Signe Ronka

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Signe Ronka
Personal information
Country represented Canada
Born (1988-04-23) April 23, 1988 (age 28)
Riga, Latvia
Residence Toronto, Ontario, Canada
Height 1.67 m (5 ft 5 12 in)
Former coach Ellen Burka, Marcus Christensen, Petra Burka
Former choreographer Ellen Burka, David Wilson
Skating club Granite Club
Began skating 1997
Retired 2006
ISU personal best scores
Combined total 111.84
2004 JGP Belgrade
Short program 36.65
2004 JGP Belgrade
Free skate 75.81
2004 JGP Romania

Signe Ronka (born April 23, 1988) is a Canadian former competitive figure skater. She won three medals on the ISU Junior Grand Prix series and competed at the 2003 World Junior Championships.

Personal life[edit]

Ronka was born on April 23, 1988 in Riga, Latvia.[1] She arrived in Toronto, Ontario, Canada at the age of three.[2]


Ronka trained at the Granite Club in Toronto with coaches Ellen Burka and Marcus Christensen. In the 2001–02 season, she debuted on the ISU Junior Grand Prix series. She won the junior bronze medal at the 2002 Canadian Championships[3] and the junior gold medal at the 2002 Triglav Trophy.

In the 2002–03 season, Ronka won a pair of medals at her JGP assignments — bronze in Courchevel and silver in Milan. Her results qualified her for the JGP Final in The Hague, Netherlands, where she finished seventh. She withdrew from the 2003 Canadian Championships due to a groin injury, having resumed full training in mid-January.[4] She placed 16th at the 2003 World Junior Championships in Ostrava, Czech Republic.

In 2004, Ronka won bronze at a JGP event in Belgrade. She ended her career with a 10th place finish at the 2006 Canadian Championships and then retired from elite competition. She went on to skate for the University of Toronto varsity team, placing 1st at the 2007 and 2008 OUA Finals. In 2008, she received the Competitive Athlete of the Year award from the University of Toronto.

Ronka skated for two seasons (2007 to 2008) at the Canada's Wonderland "Endless Summer" ice show. She currently works as a coach and choreographer at East York skating club as well as the Granite Club in Toronto, Canada.

Injuries ultimately ended Ronka's career. She has developed a sport specific fitness program called Figure Skater Bootcamp, which helps skaters prevent injuries and improve performance on the ice. She is a certified strength and conditioning specialist through the National Strength and Conditioning Association and is a certified personal trainer.[5]



  • "Own the Podium 2010" Funding Award (2006)
  • Petro-Canada Olympic Torch Scholarship (2002–03, 2003–04)
  • Granite Club Gold Crest Award (2003, 2004, 2005, 2006) and Outstanding Volunteer Award (2006)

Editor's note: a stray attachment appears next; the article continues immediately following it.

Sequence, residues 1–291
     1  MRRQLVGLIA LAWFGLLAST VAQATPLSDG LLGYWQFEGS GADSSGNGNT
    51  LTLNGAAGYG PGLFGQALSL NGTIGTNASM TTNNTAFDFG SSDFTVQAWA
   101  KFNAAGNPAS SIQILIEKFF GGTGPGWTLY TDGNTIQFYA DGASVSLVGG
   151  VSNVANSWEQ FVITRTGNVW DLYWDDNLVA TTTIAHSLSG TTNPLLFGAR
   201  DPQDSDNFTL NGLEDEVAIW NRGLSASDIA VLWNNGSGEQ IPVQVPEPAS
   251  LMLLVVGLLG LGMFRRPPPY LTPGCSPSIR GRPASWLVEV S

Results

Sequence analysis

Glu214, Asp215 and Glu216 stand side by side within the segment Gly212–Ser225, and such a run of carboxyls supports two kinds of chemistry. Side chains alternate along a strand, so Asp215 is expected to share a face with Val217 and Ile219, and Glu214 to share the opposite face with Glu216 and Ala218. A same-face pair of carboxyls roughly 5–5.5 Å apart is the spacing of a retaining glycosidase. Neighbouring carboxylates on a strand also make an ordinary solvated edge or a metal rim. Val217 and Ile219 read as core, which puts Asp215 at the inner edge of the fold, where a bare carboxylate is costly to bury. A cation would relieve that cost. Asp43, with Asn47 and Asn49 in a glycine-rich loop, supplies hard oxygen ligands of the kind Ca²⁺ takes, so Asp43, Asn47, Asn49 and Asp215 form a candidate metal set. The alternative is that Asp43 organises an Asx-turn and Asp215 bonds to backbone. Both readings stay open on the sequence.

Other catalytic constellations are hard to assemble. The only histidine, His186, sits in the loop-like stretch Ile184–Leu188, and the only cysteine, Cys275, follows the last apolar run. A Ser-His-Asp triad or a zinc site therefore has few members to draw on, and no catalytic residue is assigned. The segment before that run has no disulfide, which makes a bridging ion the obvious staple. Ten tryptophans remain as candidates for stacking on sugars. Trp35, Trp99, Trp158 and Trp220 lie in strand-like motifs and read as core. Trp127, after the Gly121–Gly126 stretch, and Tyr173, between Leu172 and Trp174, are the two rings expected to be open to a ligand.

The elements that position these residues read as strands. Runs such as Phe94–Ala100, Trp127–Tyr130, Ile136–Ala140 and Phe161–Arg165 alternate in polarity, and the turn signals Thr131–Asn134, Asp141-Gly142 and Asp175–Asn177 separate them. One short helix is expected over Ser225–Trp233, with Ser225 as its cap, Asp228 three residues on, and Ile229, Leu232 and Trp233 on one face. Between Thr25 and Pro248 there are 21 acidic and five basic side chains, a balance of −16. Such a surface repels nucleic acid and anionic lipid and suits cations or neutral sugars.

• Bank of Montreal "Possibilities" Award (2002)
  • Toller Cranston Bursary Award (2000, 2001, 2002)
  • Elvis Stojko Bursary
  • Underhill/Martini "Hopes & Dreams"
  • University of Toronto Athlete of the Year (2007)
  • 2002 Junior Female Athlete of the Year Finalist, 30th Annual Canadian Sport Awards[6]


Season Short program Free skating
  • Hungarian Dances No. 4 - 6
    by Johannes Brahms, performed by the
    Vienna Philharmonic Orchestra

Competitive results[edit]

JGP: Junior Grand Prix

Event 99–00 00–01 01–02 02–03 03–04 04–05 05–06
World Junior Champ. 16th
JGP Final 7th
JGP Bulgaria 9th
JGP Croatia 6th
JGP France 3rd
JGP Italy 7th 2nd
JGP Romania 7th
JGP Serbia 3rd
Triglav Trophy 1st J.
Canadian Champ. 3rd J. WD 11th WD 10th
Cdn. Jr. Champ. 9th Pn.
Eastern Challenge 1st Pn. 1st J.
Central Ontario Sect. 1st Jv. 1st Pn.
Tomorrow's Champions,
Kelowna, BC
5th Jv.
WD: Withdrew
Levels: Jv. = Juvenile; Pn. = Pre-novice; J. = Junior


  1. ^ a b "Signe RONKA: 2004/2005". International Skating Union. Archived from the original on July 20, 2005. 
  2. ^ Mittan, Barry (April 19, 2002). "Signe Ronka: Rising Star". Golden Skate. 
  3. ^ "Signe Sports a New Look". Skate Canada. February 26, 2002. Archived from the original on March 19, 2004. 
  4. ^ "Junior skaters ready for worlds". The Canadian Press. The Globe and Mail. February 21, 2003. Archived from the original on August 30, 2004. 
  5. ^ "Figure Skater Bootcamp". Retrieved February 21, 2016. 
  6. ^ "Olympians dominate Canadian Sport Awards nominees". CBC Sports. February 13, 2003. 
  7. ^ "Signe RONKA: 2002/2003". International Skating Union. Archived from the original on April 10, 2003. 
  8. ^ a b "Signe RONKA". International Skating Union. Archived from the original on April 27, 2016. 

External links[edit]